A Note to the One Walking through Loss: Reflections One Year Later

October 17, 2018.
One year ago today.
I recall it vividly.
I remember Dan and I heading into the ultrasound room, seeing that little heartbeat flicker, leaving with joy, and retiring the day with a sense of anticipation and eagerness for the new season we were entering.

I also vividly recall, moreso, actually, the following morning.
The quiet way my doctor reviewed the results of that ultrasound. The spinning nature the room assumed as soon as he began to speak. The crushing weight of those words:”low heart rate...50% chance of survival...even if they survive, there is a good potential they have a heart defect...” Much of these utterances needed to be reiterated to me later by Dan, because I somehow seemed to lose myself in that room. In that moment. A loss of some hope, a lot of joy, and a part of myself.

To those who have found themselves in similar moments, know that I think of you often. It has been a heartbreaking thing to encounter so many other couples who have walked through their own collection of moments similar to the ones I just recounted. 
What a thing it is, to find both comfort and heartbreak in the presence of others who trek through the same terrain.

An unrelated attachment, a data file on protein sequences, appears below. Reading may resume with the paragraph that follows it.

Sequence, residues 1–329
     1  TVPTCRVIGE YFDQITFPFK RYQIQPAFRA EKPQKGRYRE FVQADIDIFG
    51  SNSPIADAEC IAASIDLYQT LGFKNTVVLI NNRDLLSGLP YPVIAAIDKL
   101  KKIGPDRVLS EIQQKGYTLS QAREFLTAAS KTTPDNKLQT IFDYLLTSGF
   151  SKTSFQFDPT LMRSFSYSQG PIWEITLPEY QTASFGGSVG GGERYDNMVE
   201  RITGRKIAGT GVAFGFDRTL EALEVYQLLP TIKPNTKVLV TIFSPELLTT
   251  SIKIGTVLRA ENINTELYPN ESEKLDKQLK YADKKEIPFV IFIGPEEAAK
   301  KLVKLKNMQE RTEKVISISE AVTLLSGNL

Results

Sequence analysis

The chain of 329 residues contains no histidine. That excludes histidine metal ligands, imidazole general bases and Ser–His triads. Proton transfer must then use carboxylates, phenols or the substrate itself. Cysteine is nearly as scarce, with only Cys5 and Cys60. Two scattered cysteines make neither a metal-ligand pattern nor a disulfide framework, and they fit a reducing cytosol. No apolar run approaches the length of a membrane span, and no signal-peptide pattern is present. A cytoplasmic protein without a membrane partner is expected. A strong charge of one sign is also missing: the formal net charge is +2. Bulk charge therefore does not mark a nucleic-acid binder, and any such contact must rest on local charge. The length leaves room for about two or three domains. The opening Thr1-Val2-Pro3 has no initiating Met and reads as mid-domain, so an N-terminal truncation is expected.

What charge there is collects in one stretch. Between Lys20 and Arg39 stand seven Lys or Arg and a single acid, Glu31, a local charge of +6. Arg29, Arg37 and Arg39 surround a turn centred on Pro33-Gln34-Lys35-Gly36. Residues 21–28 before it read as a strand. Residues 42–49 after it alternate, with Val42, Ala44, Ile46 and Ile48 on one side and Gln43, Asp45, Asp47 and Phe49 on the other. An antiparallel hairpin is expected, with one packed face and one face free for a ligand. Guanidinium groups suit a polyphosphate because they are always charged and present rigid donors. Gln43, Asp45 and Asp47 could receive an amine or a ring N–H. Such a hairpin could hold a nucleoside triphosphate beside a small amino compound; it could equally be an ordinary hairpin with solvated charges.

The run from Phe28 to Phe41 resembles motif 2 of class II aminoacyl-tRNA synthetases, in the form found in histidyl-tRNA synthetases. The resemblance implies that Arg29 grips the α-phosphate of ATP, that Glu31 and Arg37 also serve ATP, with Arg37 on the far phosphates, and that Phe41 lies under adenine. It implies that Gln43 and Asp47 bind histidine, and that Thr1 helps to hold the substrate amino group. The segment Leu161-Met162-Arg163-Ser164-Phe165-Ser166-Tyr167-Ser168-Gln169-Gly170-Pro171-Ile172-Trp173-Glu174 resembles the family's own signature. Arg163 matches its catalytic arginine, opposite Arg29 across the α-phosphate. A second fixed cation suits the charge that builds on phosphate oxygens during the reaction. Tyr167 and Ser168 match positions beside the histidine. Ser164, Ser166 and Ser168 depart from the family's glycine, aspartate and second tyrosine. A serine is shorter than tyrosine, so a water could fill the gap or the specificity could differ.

Of the most surprising things I have learned this last year is that, though I so intimately know what it is to walk through miscarriage, I remain void of the words to offer to others. I struggle to provide the consolation I so desire to, and yet, empty and quiet air cannot possibly be the answer, can it?

I recall those days and weeks following that loss, my searching the internet to find a voice to speak into the brokenness. A comforting and hopeful word did not seem enough. I needed a voice that had been sharpened and shaped by the path we were now walking on.
It’s part of the reason we have said yes to God’s call to share this process so candidly.

So, this one is to you.
The one searching for a presence in the midst the weightiness of miscarriage.
The one who desires to combat the surging numbness that so threateningly seems to surround you.
The one who is unsure how to grieve the loss of so much-a baby, a dream, a life that was one moment celebrated and buried the next.